The first bed on the right as you enter the Abbess’s Garden from the Apollo Walk is full of yellows and golds with English Rose, Comte de Champagne (2nd photo below), in a sea of lemon-yellow aquilegia.OLYMPUS DIGITAL CAMERAOLYMPUS DIGITAL CAMERAI love all the colour combinations, both complimentary:OLYMPUS DIGITAL CAMERA and contrasting:OLYMPUS DIGITAL CAMERA The wide variety of plantings ensures constant colour and interest throughout the seasons.OLYMPUS DIGITAL CAMERA I particularly loved the Alliums.OLYMPUS DIGITAL CAMERAOLYMPUS DIGITAL CAMERAOn her pillar in the third bed on the right, Hybrid Multiflora, Laure Davoust, rises from a sea of pink.OLYMPUS DIGITAL CAMERAOLYMPUS DIGITAL CAMERAAs you approach the chapel, Hybrid Spinosissima, Golden Wings, is on the right:OLYMPUS DIGITAL CAMERAOLYMPUS DIGITAL CAMERA while golden David Austins, Wildflower (single, gold to white with gold stamens) and heavy, globular Charles Darwin grace the left bed.OLYMPUS DIGITAL CAMERAOLYMPUS DIGITAL CAMERAOLYMPUS DIGITAL CAMERAOLYMPUS DIGITAL CAMERAThe riotous colour of the Abbess’s Garden is in dramatic contrast with the calming green living walls of the next garden room, the Beech Walk (Area 8),OLYMPUS DIGITAL CAMERA which leads to the Hazelnut Walk (Area 9) and the Lake (Area 11), complete with island and bridge (Area 20).OLYMPUS DIGITAL CAMERA I love the twisted red stems of the hazelnut trees and the intensity of the colours, backlit by sun, as you emerge from the shade they cast.OLYMPUS DIGITAL CAMERAOLYMPUS DIGITAL CAMERABlowsy Hybrid Wichurana, Albertine, falls into the water from the banks,OLYMPUS DIGITAL CAMERAOLYMPUS DIGITAL CAMERAOLYMPUS DIGITAL CAMERA while Noisette climber, Lamarque, graces the island end of the bridge.OLYMPUS DIGITAL CAMERA I love this view of the wooden bridge from the Bog Garden (Area 10).OLYMPUS DIGITAL CAMERAWoodland (Area 19)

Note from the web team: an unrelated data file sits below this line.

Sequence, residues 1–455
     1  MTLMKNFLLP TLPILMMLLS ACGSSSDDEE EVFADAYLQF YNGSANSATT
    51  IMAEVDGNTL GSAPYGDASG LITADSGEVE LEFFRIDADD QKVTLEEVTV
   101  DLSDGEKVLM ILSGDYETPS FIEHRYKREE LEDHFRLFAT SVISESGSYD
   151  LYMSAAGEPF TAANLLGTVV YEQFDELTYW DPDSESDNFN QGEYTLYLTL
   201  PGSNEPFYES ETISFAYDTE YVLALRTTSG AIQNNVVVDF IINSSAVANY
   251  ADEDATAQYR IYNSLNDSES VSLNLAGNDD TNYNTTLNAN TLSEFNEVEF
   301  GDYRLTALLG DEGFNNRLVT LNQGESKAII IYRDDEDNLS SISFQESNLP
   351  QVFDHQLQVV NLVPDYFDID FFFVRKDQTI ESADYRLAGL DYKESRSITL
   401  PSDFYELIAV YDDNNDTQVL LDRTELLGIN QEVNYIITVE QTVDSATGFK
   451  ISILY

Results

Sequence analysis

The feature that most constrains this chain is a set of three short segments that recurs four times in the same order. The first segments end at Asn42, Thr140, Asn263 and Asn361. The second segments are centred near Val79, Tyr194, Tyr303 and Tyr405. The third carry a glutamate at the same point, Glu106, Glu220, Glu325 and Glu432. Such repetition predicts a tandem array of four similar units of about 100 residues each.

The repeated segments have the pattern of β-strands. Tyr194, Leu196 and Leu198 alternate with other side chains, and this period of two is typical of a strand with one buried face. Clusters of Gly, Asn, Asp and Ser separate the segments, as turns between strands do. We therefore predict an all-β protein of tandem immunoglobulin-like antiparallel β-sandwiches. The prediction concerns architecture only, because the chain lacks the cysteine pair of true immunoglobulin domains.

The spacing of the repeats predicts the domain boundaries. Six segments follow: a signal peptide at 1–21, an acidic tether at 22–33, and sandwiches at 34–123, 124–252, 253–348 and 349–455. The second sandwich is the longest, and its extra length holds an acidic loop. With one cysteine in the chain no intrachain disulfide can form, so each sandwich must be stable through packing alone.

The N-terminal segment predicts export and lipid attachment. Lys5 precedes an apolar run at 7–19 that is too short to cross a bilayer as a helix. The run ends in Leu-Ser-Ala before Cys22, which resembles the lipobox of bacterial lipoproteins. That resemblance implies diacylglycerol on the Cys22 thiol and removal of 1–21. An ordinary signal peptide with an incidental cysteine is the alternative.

The woodland area is a study in contrast in colour, tone, form and texture.OLYMPUS DIGITAL CAMERAOLYMPUS DIGITAL CAMERAOLYMPUS DIGITAL CAMERAOLYMPUS DIGITAL CAMERAOLYMPUS DIGITAL CAMERAThere are a few roses in the herbaceous borders of the Obelisk Walk (Area 23),OLYMPUS DIGITAL CAMERA including Hybrid Rugosa rose, Jens Munk, which was also in bloom last January (first photo) and this unidentified pink rose.

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OLYMPUS DIGITAL CAMERA The richness and lushness of the garden is always such a contrast to the surrounding grazed paddocks:OLYMPUS DIGITAL CAMERA and I love the woodland paths.OLYMPUS DIGITAL CAMERAOLYMPUS DIGITAL CAMERANovember is also Rhododendron and Azalea season. I would dearly love to find the golden Rhodendron luteum, whose scent is superb, but I also loved this deep-pink rhodo, Homebush, under the shade of the dogwood tree.OLYMPUS DIGITAL CAMERAOLYMPUS DIGITAL CAMERA and this unidentified rhododendron with masses of light pink blooms.OLYMPUS DIGITAL CAMERAOLYMPUS DIGITAL CAMERA The new shoots of this Gold Tipped Oriental Spruce, Picea orientalis aurea, were quite stunning as well.OLYMPUS DIGITAL CAMERAOLYMPUS DIGITAL CAMERAGarden Shed and Circular Driveway (Area 17)

Tea Rose, Countess Bertha, also known as Comtesse de Labarthe, Comtesse Ouwaroff, Mlle de Labarthe and Duchesse de Brabant, climbs up the back wall over the door,OLYMPUS DIGITAL CAMERA while the front garden facing the driveway contains Hybrid Tea, Mme Abel Chatenay, on the left, facing the shed,OLYMPUS DIGITAL CAMERAOLYMPUS DIGITAL CAMERA and English Rose, The Alnwick Rose, on the right.OLYMPUS DIGITAL CAMERAOLYMPUS DIGITAL CAMERAOLYMPUS DIGITAL CAMERA On the left of the junction of the path back into the Flower Walk (Area 16) is a shrub of Fantin Latour.OLYMPUS DIGITAL CAMERAOLYMPUS DIGITAL CAMERA I love the bright poppies of the central flowerbed in the driveway, which was filled with bright pink and orange zinnias in full bloom on our last visit in January. There was a stunning Oriental Poppy further down the driveway on our current visit in November.OLYMPUS DIGITAL CAMERAOLYMPUS DIGITAL CAMERAMonastery Garden (Area 13)